CLEMSON - A roar erupted in the defensive meeting room this week as Clemson poured through the Wake Forest game film.
Junior safety DeAndre McDaniel said opposing quarterback Riley Skinner got hit so many times, there was no telling when he "lost it."
When Andre Branch tackled Skinner for one of the Tigers' five sacks, Skinner's helmet fell off. McDaniel hinted that the blank stare on Skinner's face was like blood for the sharks.
If Clemson could do that to Skinner, a senior known for his mobility, it makes the Tigers' defensders imagine the possibilities with Miami sophomore quarterback Jacory Harris, a 6-foot-4 beanpole generously listed at 190 pounds.
"Jacory ain't a big guy," McDaniel said. "And I know some of them boys get a hold of him, there could be some damaging licks.
"He doesn't let too many things break him. That's going to be our goal, to change some of that this week. We're going to try to put a few licks on him and take his little spirit away."
Clemson defensive coordinator Kevin Steele preaches the need to "affect" opposing quarterbacks, using aggressive schemes to pressure or confuse passers.
By and large, Clemson has succeeded, surpassing last year's sack total (17 this season, 14 in 2008) while holding three of six opposing quarterbacks to less than 100 passing yards.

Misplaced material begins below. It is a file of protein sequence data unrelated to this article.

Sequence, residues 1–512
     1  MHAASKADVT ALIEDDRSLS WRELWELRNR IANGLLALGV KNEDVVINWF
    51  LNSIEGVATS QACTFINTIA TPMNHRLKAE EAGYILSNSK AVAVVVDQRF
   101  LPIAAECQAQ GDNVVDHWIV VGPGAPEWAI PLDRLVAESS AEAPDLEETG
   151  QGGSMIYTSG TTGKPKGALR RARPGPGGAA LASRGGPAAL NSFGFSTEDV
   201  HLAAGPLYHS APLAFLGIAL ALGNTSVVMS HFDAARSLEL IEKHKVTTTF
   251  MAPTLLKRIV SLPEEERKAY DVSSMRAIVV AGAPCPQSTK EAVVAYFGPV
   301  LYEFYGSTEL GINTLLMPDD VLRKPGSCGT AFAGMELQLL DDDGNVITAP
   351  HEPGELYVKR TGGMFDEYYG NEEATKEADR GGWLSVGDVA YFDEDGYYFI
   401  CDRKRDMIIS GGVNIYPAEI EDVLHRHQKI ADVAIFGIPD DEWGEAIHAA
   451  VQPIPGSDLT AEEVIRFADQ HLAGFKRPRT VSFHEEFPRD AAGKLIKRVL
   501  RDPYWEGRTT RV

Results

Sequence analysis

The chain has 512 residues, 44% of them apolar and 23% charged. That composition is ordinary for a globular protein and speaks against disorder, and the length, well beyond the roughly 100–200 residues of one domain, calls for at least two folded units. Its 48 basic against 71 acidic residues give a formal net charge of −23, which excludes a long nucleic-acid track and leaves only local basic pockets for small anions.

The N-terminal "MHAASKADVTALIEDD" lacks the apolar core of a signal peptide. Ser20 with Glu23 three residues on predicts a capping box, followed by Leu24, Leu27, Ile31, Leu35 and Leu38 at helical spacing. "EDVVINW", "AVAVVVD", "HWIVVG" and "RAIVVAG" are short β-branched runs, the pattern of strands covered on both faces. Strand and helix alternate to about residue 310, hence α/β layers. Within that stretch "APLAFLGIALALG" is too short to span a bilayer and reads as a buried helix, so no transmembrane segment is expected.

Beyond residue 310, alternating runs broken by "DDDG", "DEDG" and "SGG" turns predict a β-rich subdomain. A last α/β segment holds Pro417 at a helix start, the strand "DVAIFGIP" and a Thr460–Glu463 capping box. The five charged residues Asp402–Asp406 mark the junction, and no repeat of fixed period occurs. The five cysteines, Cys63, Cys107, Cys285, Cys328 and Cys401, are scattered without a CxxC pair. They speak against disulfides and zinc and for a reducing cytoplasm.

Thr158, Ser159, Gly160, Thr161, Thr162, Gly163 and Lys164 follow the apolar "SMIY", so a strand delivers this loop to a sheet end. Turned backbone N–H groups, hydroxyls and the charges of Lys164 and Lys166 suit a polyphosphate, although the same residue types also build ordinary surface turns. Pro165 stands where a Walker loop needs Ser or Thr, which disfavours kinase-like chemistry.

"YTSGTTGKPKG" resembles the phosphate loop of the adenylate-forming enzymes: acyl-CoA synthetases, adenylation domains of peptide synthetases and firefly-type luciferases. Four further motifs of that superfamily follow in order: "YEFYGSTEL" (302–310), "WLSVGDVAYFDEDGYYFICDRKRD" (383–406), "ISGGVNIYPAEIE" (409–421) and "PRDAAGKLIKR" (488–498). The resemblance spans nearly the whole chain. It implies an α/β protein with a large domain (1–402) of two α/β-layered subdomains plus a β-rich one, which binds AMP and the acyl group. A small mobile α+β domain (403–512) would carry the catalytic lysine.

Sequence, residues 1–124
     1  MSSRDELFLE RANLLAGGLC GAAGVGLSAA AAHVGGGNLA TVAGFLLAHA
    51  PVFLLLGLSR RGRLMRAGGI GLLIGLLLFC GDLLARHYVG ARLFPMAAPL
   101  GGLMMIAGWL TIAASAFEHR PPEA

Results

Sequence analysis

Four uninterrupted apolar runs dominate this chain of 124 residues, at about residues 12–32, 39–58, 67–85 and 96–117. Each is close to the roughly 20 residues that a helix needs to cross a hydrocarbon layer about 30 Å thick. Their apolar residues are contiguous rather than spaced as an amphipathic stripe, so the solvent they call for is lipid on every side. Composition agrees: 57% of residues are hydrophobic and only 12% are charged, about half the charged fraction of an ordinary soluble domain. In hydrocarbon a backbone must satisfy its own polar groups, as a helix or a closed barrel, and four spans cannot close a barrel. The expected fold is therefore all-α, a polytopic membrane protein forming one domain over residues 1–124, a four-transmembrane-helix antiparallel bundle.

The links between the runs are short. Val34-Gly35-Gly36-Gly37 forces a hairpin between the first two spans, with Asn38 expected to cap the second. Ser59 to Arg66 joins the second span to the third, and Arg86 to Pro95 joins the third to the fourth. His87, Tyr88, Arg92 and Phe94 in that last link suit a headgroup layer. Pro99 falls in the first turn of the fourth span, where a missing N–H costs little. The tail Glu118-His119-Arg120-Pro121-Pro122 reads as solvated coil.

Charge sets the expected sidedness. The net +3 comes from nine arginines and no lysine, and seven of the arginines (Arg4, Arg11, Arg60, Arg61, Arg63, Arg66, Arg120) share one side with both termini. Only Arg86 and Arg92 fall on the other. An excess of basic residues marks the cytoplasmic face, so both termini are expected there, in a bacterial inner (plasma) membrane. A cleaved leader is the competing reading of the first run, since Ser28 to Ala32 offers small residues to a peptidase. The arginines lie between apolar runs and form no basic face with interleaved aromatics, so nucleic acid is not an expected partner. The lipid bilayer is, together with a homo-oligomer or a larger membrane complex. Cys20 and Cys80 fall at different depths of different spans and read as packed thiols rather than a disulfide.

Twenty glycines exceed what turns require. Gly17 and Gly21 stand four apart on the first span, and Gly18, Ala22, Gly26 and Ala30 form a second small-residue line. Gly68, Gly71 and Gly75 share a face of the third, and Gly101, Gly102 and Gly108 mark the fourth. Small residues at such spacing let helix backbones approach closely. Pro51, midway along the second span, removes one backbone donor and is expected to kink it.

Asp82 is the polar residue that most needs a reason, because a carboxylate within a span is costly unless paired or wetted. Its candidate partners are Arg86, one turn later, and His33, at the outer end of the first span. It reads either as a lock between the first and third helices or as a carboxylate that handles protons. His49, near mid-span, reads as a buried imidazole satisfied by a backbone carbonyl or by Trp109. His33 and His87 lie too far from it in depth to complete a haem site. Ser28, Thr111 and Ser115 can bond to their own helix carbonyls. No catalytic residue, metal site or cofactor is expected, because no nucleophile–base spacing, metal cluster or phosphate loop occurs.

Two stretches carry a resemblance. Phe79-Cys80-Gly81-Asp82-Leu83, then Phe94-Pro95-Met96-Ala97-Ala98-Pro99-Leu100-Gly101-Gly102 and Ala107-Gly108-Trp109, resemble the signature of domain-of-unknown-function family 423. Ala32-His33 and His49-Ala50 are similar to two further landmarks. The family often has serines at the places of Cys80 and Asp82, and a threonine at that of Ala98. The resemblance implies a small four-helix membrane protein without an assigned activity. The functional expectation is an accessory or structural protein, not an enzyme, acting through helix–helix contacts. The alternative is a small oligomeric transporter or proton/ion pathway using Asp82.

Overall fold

Dabo Swinney said it is no secret getting Harris out of his comfort zone will be paramount if the Tigers (3-3, 2-2 ACC) are to upset the No. 8 Hurricanes (5-1, 2-1) today.
"But that's easier said than done," he added.
Harris' poise has become the stuff of legend. The hometown hero has commandeered decisive final drives in victories against Florida State and Oklahoma as well as a rout of Georgia Tech.
"We'll see if we can rattle him," linebacker Brandon Maye said. "He's pretty smooth."
Under new offensive coordinator Mark Whipple, Harris' only disappointment has been a 9-for-25, 150-yard showing in a downpour at Virginia Tech, wherein he was constantly harassed by the Hokies.
Considering Central Florida managed to sack Harris six times last week using a barrage of blitzes, it stands to believe the aggressive Steele will consider following suit.
Yet Steele cautioned if you live by the sword, you die by the sword. Most teams do not rely on the blitz against Miami because that leaves a defense vulnerable to the big play.
And the Hurricanes have the talent at receiver, tight end and running back to make teams pay if Miami gets time to work a one-on-one match-up, as evidenced by 26 pass plays of 20 yards or longer.
"We can't just go in there and say we're going to throw caution to the wind," Steele said.
Clemson accomplished its goal of forcing the 6-foot-1 Skinner to "throw out of a well," as Steele says, pinning him inside the pocket and making him try to see over everyone to throw downfield.
Harris is no scrambler - he has 12 yards rushing - but Steele would not go so far as to say whether he hoped to flush Harris from the pocket.
"I don't really know," Steele said. "I'd rather have him on the ground, if you give me a choice."